Chronic Ear Disease

Chronic disease of the middle ear, the space between the ear drum and the inner ear organs of hearing, is a common problem. There is a wide range of causes for middle ear problems. It may result from a long lasting infection, or from an injury to your ear. The injury may be as mild as irritation from a Q-tip or as severe as a skull fracture, a major explosion near your ear, or acid entering your ear. However, there are common symptoms to all of these problems of the ear:

  • hearing loss
  • sensation of fluid or fullness in your ear
  • ear pain
  • ear drainage

If you have seen your primary care doctor, he/she may have told you that there is a problem in your middle ear and has treated you with various medications. If the problem has continued, more serious symptoms would be:

  • continued hearing loss in one or both ears
  • sensation of fluid or fullness and smelly drainage
  • continued pain, pressure or discomfort in the ear area
  • new onset of ringing or dizziness

Our office has four board certified ear, nose and throat doctors (otolaryngologists) who will take your history, examine you and explain their findings. Our certified audiologists will do hearing tests. Other recommendations may require x-rays or additional testing at a medical facility. Hopefully, this article will give you a nice overview of hearing loss and possible treatments for different ear problems.


There are three main parts to your ear:

  1. Outer ear-auricle and ear canal down to the tympanic membrane (ear drum)
  2. Middle ear-air filled space with three small bones
    1. malleus (hammer)
    2. incus (anvil)
    3. stapes (stirrup)
  3. Inner ear-nerve portion of the ear

When sound travels and hits the eardrum, it moves the three small bones causing them to vibrate which transfers energy into the inner ear. Tiny hairs in the inner ear are stimulated and change sound energy to nerve signals. From the inner ear, the sound signals travel along the auditory (hearing) nerve to the brain for interpretation of sound and words.


There are two types of hearing loss, conductive and sensorineural. Both of these can result from injury, infections, and certain types of growths in your ear.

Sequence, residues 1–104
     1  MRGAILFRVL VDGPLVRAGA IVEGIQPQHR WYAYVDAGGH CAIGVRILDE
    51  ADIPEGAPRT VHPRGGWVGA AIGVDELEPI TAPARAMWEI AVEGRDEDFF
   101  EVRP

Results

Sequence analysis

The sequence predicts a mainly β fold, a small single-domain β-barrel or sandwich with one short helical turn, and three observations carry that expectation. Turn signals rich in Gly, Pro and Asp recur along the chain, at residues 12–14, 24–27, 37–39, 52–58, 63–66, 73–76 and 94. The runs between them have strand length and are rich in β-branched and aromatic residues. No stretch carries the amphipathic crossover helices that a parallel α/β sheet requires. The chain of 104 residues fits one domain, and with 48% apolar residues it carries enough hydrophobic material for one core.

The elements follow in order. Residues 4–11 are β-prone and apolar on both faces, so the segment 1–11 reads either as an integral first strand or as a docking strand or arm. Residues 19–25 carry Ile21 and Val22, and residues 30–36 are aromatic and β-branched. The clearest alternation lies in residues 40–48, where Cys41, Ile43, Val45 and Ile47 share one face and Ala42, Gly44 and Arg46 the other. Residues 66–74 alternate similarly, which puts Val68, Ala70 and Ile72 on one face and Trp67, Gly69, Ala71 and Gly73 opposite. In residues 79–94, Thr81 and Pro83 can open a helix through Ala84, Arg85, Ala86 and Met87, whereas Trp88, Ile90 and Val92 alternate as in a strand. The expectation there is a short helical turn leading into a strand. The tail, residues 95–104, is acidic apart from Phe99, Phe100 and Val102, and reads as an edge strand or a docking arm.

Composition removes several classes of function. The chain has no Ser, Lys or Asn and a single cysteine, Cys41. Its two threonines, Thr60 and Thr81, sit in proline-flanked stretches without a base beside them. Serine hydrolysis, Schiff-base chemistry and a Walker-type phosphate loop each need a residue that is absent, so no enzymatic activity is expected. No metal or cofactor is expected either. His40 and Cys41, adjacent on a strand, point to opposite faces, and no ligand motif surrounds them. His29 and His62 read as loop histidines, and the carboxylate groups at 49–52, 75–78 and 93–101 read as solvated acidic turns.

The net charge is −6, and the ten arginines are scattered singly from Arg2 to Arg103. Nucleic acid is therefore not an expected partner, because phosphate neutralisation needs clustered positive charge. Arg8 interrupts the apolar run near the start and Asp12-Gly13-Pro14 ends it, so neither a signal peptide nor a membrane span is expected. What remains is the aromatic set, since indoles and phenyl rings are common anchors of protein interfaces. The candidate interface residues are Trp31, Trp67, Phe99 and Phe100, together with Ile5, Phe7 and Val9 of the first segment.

Conductive hearing loss results from problems occurring anywhere from the outer ear to the middle ear. This can be an outer ear problem, such as the ear canal being swollen from infection, wax blocking the ear canal, or a growth or foreign body in the ear canal. It can be an eardrum problem, like a large perforation or hole in the drum. Other causes include fluid or infection in the middle ear, or damage of the middle ear bones.
Anything that prevents normal conduction of vibration to the eardrum and the three small bones causes decreased hearing.

Sensorineural hearing loss occurs when the nerve cells of the inner ear or the nerve going to the brain have decreased in their function. The sound waves that enter the inner ear are not transmitted to the brain as well as desired. Common causes include:

  • aging
  • congenital hearing loss (hearing loss from birth)
  • loud noises
  • inherited hearing loss
  • toxins
  • medications
  • bacterial or viral infection

After an evaluation, treatment would be discussed with the patient or parent(s) of a child. Depending on the cause of hearing loss and the type of disease, options include medications, the use of a hearing aid, or surgery.

Surgical Treatment of Middle Ear Problems

There are many different surgical procedures for ear problems, but the most common ones include:

Tympanoplasty – repairing a hole in the tympanic membrane
Mastoidectomy – removing infected tissue & abnormal bone
Ossicular reconstruction – to repair some or all of the middle ear bones
Stapedectomy – for stiff or deteriorated bones

The benefits of surgery and the possible risks would be discussed prior to the surgery in relationship to the problem that exists. While each type of ear surgery has specific benefits and risks, the common benefits include creating a safe, closed eardrum, improved hearing, and less probability of ear drainage or infections. Possible risks include:

  • failure of the tympanic membrane to heal
  • decreased hearing
  • weakness of the facial nerve
  • numbness around the outer ear
  • change of taste or decreased taste
  • infection
  • need for second surgery
  • anesthesia problems

Description of Ear Surgeries

Tympanoplasty – repairing a damaged eardrum or one with a hole in it.

A hole in the ear drum can result from injury or infection, and often will heal by itself. However, when the hole does not heal, there is often hearing loss and chance of infection and drainage. The surgical repair prevents future infections from outside contamination such as water getting into the middle ear. It also prevents skin from the outside of your eardrum from growing into the middle ear causing a cholesteatoma. (Cholesteatoma will be discussed later.)